The Netherlands is the best location for buy to let properties in the European Union with the highest rental yields of 6.57% as of April 2016, new research shows.
Belgium and Portugal are also attractive locations for buy to let investments, taking second and third respectively in the EU buy to let league table compiled from research by international currency firm World First.
Average yields were 6.47% in Belgium and 6.29% in Portugal while Sweden was at the bottom of the list with the worst yield at 2.88% with the UK with 4.28% placed 21 out of 29 countries.
Home prices in northern Portugal fell by as much as 35 percent after the global real estate crisis of 2008, but in the last three or four years, prices have held steady, and the number of sales has been growing, said André Borges, a broker with the Porto office of Portugal Sotheby’s International Realty.
A total of €64.5 billion was invested in European commercial property in the final quarter of 2015, which took volumes for the full year to €238.5 billion, a 25% increase on 2014.
However, the fourth quarter total was only slightly up, by 0.5%, on the same quarter of 2014, indicating that investment growth lost a little momentum towards the end of the year, according to the latest European quarterly commercial property outlook report from Knight Frank.
However, it shows that increases in investment activity were widespread in 2015, with the core markets of the UK, Germany and France all seeing transactions rise by more than 20%.
Spain, Cyprus and Portugal could offer British buyers looking for a holiday home some bargains in 2016 with experts revealing that properties are starting at €50,000.
Some parts in Spain in particular currently offer some low priced properties that are not the wrecks usually associated with the bottom end of the market, according to Martin Dell, director of Spanish property portal Kyero.
The Lisbon metropolitan area, with more than 2.8 million residents, suffered after the global financial crisis of 2008, with home prices falling by 20 percent to 25 percent, agents said. But several actions taken by the government in 2009 — including the passage of an attractive new tax program for part-time residents — have helped the housing market in the Lisbon area, which includes Setúbal, to recover completely.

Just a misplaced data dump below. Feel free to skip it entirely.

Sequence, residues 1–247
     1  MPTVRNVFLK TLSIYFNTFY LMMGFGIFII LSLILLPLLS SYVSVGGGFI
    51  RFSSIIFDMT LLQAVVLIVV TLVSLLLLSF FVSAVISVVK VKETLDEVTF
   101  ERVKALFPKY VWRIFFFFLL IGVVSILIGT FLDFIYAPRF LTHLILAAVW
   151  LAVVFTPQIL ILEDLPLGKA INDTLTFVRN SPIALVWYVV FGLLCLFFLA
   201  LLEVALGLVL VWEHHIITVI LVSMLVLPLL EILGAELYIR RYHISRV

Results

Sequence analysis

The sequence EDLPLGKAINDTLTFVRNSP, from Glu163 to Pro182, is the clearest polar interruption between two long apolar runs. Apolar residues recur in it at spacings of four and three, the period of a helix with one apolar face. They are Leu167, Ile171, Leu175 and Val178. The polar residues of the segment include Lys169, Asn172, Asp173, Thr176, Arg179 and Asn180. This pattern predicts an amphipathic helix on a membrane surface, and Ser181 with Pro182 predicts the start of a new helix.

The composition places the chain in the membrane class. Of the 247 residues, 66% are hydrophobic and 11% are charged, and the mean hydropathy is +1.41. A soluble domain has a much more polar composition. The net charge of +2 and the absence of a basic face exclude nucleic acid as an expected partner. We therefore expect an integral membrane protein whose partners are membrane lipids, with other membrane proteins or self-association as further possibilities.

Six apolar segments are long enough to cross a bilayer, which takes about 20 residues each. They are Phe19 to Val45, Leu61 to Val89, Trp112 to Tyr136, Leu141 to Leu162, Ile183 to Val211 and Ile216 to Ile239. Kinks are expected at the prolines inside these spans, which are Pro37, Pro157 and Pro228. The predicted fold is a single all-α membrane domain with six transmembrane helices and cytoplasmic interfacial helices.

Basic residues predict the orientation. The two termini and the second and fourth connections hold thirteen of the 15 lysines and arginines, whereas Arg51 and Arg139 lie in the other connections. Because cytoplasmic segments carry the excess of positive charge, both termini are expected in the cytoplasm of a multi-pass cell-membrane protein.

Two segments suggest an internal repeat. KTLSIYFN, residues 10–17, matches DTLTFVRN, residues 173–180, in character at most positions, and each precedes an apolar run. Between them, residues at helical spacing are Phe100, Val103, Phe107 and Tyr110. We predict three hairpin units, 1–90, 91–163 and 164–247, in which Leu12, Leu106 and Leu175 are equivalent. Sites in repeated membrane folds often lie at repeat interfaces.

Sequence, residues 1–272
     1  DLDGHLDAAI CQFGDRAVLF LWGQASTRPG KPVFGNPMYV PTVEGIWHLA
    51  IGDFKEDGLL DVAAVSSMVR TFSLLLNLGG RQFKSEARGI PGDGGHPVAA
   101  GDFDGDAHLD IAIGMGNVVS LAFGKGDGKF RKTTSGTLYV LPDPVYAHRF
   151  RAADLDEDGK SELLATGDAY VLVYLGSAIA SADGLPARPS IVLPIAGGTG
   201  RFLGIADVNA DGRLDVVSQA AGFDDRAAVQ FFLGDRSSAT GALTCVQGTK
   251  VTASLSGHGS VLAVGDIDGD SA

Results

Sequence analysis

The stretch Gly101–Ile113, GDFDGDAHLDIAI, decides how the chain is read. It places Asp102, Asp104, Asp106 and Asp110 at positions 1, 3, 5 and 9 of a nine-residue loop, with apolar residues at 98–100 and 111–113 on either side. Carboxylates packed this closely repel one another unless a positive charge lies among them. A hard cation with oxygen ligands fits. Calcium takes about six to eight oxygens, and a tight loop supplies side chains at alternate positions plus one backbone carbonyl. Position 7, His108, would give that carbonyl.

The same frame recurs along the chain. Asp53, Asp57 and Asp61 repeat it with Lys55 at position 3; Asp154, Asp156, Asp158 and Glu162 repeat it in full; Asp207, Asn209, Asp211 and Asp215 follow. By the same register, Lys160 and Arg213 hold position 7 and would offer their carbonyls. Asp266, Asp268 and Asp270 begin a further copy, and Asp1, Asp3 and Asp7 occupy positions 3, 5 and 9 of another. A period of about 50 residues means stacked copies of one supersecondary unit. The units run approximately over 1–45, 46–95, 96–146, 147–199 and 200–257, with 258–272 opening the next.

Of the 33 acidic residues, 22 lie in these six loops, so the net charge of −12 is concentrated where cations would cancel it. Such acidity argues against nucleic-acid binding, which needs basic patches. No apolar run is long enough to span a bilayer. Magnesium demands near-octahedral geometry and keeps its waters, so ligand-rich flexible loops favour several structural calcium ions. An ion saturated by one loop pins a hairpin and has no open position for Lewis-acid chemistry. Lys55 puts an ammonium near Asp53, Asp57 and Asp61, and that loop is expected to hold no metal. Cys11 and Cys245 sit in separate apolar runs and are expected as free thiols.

The level of investment into European commercial real estate continues to grow with €62 billion invested in the third quarter of 2015, up 18% on the same period in 2014.
France experienced the most noteworthy increase with investment activity of over €7 billion, almost double that of the same quarter in 2014, according to figures from CBRE.
Investors, chiefly foreign, poured a record 1.36 billion euros into Portuguese commercial property in the first 10 months of 2015, double 2014 levels, Cushman & Wakefield consultants said on Thursday.
Solid demand and falling supply is helping the recovery of the residential property market in Portugal as price rises are seen across all regions.
However, new sales instructions have fallen at a time when demand is growing and there has been a modest upturn in rental values, according to the August 2015 RICS/Ci Portuguese Housing Market Survey.
The European commercial property investment market has continued to gain positive momentum, with transaction volumes reaching €104.9 billion in the first half of 2015.
This was a 29% increase on the same period of 2014 and investment volumes for 2015 are forecast to reach €230 billion, which would make it comfortably the best year since the market peak of 2007.
Commercial property investment activity in Europe reached its highest level since 2007, totalling €102.5 billion in the first half of 2015, the latest market analysis report shows.
The investment volume across the 16 participating countries was 25% up on the same period last year, according to the European Investment Briefing report from international real estate advisor Savills.
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